By rights, of course, a 1950s woman of my age would have 2.4 children to keep her occupied and would be walking around in curlers by now, cooking her husband's tea. I pick some tomatoes from the garden (surely they had tomatoes) but am not sure that pasta had made it to south London by the 1950s and I know that olive oil was only available from pharmacies, so I cook them with some beef mince. This would explain the need for Mrs Beeton.
Is BBC 7 (the digital radio station, 2002) considered cheating? Because I desperately need something to cheer me up, and Hancock's Half Hour (1954) is being repeated ad infinitum on this strangely retro channel. I am washing up. And it is taking a long time. Last night, I cooked myself steak and kidney pie the 1950s way. "When I was little we had no fridges or freezers," says my mum. "Meat was bought on the day and kept in a meat-safe in the larder. It was a small wooden box on legs with a marble shelf and a wire-mesh front to keep the flies out. We didn't have takeaway curries in the 1950s. I seem to remember we ate a lot of offal."
It takes a long time to find a butcher in modern London. Having tracked down my kidneys I realise that my brand new, non-stick pans are useless to me. Teflon was first introduced in Britain in 1946, but far too expensive for a girl of my means in 1959. Hence the washing up. Do they still sell Vim, I wonder?
The wireless news is about a Chinese space shuttle experiencing what is being called a "wobble", and I go away to check my encyclopaedia. On 13 October, 1959, the USA launched the Explorer VII space probe - part of the programme that sent back the first pictures of the earth from space. And they couldn't even invent a decent washing up liquid.
Tony Hancock is going on about a TV commercial for Cornflakes. Now why didn't I think of that? As I scrub, I decide to stick to breakfast cereals in future.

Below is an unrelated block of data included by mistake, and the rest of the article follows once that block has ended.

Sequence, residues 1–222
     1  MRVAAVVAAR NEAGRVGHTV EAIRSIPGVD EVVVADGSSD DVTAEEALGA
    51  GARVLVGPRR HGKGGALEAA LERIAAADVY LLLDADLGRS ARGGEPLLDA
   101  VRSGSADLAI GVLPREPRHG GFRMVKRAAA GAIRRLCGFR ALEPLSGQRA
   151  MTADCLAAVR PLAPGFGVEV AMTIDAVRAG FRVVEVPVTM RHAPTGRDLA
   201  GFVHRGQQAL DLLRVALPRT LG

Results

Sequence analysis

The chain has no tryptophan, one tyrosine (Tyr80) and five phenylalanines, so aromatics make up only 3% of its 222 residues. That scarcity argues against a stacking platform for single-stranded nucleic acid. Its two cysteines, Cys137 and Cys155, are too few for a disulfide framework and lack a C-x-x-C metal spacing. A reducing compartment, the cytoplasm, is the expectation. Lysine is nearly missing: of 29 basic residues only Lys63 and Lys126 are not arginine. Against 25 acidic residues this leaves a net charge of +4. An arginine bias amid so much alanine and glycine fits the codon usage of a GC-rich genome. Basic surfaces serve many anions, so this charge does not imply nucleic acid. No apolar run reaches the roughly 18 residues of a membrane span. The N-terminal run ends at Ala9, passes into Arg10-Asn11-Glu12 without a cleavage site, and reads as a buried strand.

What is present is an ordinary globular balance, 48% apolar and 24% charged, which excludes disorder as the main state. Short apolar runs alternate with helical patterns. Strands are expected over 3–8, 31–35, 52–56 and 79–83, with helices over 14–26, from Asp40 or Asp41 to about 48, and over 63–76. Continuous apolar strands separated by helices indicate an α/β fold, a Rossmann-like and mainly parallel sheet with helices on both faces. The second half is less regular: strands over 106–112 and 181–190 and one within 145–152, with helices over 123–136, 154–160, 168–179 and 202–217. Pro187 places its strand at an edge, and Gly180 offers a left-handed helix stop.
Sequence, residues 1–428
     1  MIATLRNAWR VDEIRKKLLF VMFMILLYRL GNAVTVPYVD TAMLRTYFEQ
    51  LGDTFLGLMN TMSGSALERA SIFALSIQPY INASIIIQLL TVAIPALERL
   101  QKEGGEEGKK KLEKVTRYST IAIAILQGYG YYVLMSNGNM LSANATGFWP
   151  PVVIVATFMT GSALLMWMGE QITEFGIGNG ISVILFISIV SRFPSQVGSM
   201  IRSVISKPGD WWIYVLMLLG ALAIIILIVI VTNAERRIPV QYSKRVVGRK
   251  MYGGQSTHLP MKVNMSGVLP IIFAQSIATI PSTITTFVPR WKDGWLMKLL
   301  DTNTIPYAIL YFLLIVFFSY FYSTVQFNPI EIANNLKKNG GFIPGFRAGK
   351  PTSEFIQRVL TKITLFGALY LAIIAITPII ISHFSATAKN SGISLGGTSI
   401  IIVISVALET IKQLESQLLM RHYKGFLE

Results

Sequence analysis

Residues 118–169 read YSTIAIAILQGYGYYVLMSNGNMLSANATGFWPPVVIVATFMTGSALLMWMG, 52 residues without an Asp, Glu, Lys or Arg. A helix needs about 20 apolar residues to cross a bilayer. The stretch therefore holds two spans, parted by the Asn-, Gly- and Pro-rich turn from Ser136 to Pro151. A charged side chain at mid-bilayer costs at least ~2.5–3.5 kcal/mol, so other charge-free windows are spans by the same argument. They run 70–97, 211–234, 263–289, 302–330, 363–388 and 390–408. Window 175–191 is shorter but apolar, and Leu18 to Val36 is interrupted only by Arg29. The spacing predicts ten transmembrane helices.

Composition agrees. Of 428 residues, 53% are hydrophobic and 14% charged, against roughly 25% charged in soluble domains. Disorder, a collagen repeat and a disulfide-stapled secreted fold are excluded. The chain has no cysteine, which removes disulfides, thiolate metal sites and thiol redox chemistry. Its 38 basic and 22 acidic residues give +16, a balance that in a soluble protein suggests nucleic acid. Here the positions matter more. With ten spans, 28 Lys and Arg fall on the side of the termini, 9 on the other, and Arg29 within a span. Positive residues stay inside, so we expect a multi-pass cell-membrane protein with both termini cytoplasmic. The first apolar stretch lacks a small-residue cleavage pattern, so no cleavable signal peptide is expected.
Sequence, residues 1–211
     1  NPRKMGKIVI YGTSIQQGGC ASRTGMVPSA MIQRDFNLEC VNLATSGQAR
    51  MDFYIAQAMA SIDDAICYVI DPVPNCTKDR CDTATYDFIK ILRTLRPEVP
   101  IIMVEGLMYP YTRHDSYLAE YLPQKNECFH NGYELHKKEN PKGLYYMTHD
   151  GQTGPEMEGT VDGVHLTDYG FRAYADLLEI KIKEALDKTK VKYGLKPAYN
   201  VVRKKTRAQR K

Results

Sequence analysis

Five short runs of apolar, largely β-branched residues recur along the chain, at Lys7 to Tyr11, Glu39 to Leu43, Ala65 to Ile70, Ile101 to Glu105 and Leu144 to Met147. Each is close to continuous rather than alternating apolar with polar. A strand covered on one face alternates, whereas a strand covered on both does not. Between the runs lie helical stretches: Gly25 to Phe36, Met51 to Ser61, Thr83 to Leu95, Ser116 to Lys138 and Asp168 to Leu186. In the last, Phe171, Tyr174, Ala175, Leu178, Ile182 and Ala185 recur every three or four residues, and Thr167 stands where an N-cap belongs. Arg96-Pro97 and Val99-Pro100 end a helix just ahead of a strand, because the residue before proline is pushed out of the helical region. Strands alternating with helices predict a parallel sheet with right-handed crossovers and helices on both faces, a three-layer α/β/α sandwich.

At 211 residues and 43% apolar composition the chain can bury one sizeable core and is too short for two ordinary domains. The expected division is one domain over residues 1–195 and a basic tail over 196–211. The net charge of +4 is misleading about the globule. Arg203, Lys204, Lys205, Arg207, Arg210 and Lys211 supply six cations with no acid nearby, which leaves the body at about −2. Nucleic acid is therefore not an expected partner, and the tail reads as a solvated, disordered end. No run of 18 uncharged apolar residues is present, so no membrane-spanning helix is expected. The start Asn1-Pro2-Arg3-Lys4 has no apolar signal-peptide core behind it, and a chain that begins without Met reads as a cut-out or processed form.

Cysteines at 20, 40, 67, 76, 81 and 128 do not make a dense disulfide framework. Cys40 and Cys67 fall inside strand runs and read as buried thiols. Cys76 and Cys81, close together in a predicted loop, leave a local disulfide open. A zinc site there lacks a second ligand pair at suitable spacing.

Something terrible has happened. I have run out of money. I woke up this morning to my cartoonishly loud tick-tock alarm clock. I am sure that John Humphrys was invented long before the 1950s but my digital radio alarm (early 1960s) has been hidden in a drawer. Having switched off my central heating (ancient Greece; but only for the incredibly posh in 1959) I am not inclined to have a bath, and I am bored out of my skull. I would like to take a train to the nearest movie theatre to catch a matinee of Ben Hur (1959) but then I realise I have no cash. And credit cards didn't come to Britain until 1967. And it is early closing. I am in trouble.
I call my mum. "You sewed and knitted clothes for your dolls and played with them for hours," she says, brightly. I go back to bed.
I have had enough of this. It is time to be proactive. I need to know what my life would really have been like in the Old Days, so I take a Tube (1863, so there) to Fleet Street and start to investigate.
There are no copy boys in Fleet Street now. Instead, there are two Pret a Mangers (1986), two Starbucks (US, 1971; UK, 1998), a McDonald's (Woolwich, 1974) and a French boulangerie. "It's mostly barristers here now," says the man behind the bar in El Vino's, where I write down my notes in a spiral-bound notebook with a view to typing them up later. I sit down beside an ancient telephone, attached to which are cables and plugs like an old-fashioned telephone exchange. I am attempting the 1950s version of e-mailing in my story.
I am waiting to buy an old-fashioned drink when a sign at the bar catches my eye. "Gentlemen," it requests. "Please be courteous about where you blow your cigarette smoke." In 1959, I realise, there were no jobs in journalism for nice girls like me. In 1959 there was no Independent (1986). In 1959 I would not have been set this ridiculous assignment. I decide to call it a day, and snap open my mobile phone.
Within five minutes I am back in 2005. I have called my friends and they are sending a round- robin e-mail as I speak. One orders up a Thai lemongrass curry to be delivered and the other summons a cache of DVDs over the internet. A bottle of Australian wine is on its way. I am to rush to them on the first DLR train. Bliss.
Friday: post script
I think I have done a good job. My editor will be proud. I have lived in a pre-microchip world for one week, with only a few lapses and barely any cheating. I hand him my copy, neatly typed up and with hardly a smudge of Tippex.
"And what do you expect me to do with this?" he asks, incredulous. Crestfallen, I go back to my desk and file it into his computer queue.Reuse content